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Which is the proper way to inline JS in HREF?


Videogamer555
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I've seen it done a number of different ways for using JS links where the HREF section is followed by an ONCLICK section.

<a href="#" or using javascript:void but neglecting the proper ending semicolon<a href="javascript:void" or with a space after the ":"<a href="javascript: void" or with a "()" after the "void"<a href="javascript:void()" or with a (0) after the "void"<a href="javascript:void(0)" or some combination<a href="javascript: void()"<a href="javascript: void(0)" or one of the above entries, but this time with the proper ending semicolon symbol<a href="javascript:void;"<a href="javascript: void;"<a href="javascript:void();"<a href="javascript:void(0);"<a href="javascript: void();"<a href="javascript: void(0);"

Please help me to figure out which I should use for the HREF part of a link, when using javascript inline with that link. Thanks in advance. Also I've noticed, in the ONCLICK section the JS command isn't always followed by a semicolon. Isn't it always REQUIRED to use a semicolon after a JS command? So doesn't that mean that the semicolon is required, even for "inline" JS? So many different web pages use different standards, that I bet most of them are officially "out of spec", but the browser (at least firefox) seems to "know" the proper way to handle all of these variations, rather than rejecting all of the wrong ones improper and generating an error, such that only the proper syntax of inline JS would produce the desired result. So I find it difficult to learn the correct JS standard for inline JS by merely viewing other websites' implementations of it. So yeah, if any of you know the proper way to write inline JS in the HREF and ONCLICK sections, please help me. Thanks. with

Edited by Videogamer555
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Adding javascript: void(0); is a very outdated technique and is not necessary.. Since void() is a method, the parenthesis are required. I don't know what the parameter is for so whether or not you put a 0 is beyond my knowledge, though I could look at the mozilla developer network to find out.. semi-colons are optional in Javascript, as line breaks indicate the separation between statements. It's a good practise to always put semi-colons because if the whitespace happens to be stripped out your code will become useless. These days, you should always have a proper URL in the href attribute, you can prevent the link from working in the onclick event handler.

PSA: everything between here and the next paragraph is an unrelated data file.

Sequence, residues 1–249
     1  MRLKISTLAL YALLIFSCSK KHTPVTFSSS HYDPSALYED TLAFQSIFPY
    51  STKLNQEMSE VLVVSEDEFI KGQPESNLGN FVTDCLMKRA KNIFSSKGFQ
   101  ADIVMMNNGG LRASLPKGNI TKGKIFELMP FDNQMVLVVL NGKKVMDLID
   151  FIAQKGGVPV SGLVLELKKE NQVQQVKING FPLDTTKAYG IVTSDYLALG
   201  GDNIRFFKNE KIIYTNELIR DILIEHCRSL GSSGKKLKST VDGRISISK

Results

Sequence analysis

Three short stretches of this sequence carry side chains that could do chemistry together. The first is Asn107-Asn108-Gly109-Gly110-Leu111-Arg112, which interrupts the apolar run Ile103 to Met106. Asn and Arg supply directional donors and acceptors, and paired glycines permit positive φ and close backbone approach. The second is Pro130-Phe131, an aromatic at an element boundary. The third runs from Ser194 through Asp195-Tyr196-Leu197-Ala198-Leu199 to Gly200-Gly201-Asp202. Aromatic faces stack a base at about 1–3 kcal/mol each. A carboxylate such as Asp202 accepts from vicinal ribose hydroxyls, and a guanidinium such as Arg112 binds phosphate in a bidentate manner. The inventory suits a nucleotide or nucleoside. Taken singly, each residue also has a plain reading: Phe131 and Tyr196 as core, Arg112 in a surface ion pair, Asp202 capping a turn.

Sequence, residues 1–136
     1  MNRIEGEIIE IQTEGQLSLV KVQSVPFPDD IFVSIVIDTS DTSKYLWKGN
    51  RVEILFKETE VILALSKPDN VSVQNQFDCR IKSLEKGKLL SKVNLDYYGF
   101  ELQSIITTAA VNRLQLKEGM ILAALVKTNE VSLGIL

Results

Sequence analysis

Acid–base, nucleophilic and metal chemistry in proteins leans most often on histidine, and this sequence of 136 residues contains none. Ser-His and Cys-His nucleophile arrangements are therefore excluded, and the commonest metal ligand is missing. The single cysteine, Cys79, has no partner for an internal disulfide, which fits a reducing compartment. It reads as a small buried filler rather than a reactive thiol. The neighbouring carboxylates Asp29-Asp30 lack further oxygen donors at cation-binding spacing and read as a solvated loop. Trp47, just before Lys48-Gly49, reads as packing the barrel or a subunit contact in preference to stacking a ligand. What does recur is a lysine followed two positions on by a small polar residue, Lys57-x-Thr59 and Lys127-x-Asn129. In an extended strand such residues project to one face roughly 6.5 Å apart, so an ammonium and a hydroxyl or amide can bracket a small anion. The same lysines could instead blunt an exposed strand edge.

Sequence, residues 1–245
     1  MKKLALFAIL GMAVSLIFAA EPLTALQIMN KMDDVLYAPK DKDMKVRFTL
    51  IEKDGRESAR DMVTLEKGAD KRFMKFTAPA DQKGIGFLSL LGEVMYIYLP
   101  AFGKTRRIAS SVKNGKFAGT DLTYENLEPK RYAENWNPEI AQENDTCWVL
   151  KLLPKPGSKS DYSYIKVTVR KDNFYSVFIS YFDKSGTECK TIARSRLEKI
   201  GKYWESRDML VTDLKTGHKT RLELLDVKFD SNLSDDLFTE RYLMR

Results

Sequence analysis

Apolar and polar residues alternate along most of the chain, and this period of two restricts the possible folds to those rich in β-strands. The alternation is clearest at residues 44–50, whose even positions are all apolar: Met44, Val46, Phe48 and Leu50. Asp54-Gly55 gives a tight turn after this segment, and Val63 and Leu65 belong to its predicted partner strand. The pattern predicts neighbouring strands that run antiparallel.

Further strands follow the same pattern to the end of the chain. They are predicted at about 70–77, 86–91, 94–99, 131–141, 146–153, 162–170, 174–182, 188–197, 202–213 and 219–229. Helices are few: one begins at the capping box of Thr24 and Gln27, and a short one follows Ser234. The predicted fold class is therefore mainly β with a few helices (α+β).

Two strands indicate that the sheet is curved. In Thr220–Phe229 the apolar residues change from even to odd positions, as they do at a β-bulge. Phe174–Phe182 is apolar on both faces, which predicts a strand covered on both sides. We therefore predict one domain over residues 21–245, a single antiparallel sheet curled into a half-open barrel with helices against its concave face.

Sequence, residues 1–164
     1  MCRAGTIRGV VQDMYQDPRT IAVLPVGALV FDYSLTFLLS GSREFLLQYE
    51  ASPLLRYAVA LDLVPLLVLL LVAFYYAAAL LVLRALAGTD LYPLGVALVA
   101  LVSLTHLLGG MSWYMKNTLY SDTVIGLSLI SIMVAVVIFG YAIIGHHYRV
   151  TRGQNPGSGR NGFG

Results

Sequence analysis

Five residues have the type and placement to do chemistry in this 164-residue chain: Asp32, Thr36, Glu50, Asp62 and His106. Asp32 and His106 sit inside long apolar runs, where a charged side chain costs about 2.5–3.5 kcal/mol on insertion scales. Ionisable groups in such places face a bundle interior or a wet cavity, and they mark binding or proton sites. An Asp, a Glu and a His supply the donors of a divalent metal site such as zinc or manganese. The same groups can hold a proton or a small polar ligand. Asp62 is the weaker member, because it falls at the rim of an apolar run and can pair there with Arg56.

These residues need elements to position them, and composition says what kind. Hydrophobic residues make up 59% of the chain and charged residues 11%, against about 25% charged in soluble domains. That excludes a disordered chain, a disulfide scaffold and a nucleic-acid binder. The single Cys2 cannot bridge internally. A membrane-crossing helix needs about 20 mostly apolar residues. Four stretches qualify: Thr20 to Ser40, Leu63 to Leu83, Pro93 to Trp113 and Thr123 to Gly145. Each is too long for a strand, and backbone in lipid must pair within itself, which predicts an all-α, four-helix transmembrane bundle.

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The "correct" answer would say to not put Javascript inline at all, but attach Javascript events in the body's load handler or another place. In that case the href would point to the page you're going to anyway, and the click handler would cancel the default navigation and do something else (open in a new window, for instance). This allows the link to still function if Javascript is disabled. If the link isn't associated with another URL then an anchor isn't preferred, it would be better to use a button or even a div with an onclick handler. Besides that, since window.void is a function then you use parentheses after the function name to call it. It doesn't matter if you pass a parameter to it. Javascript does not require that statements end with a semicolon. My mistake, void is an operator which always evaluates to undefined, not a function. Parentheses are not required. https://developer.mo.../Operators/void

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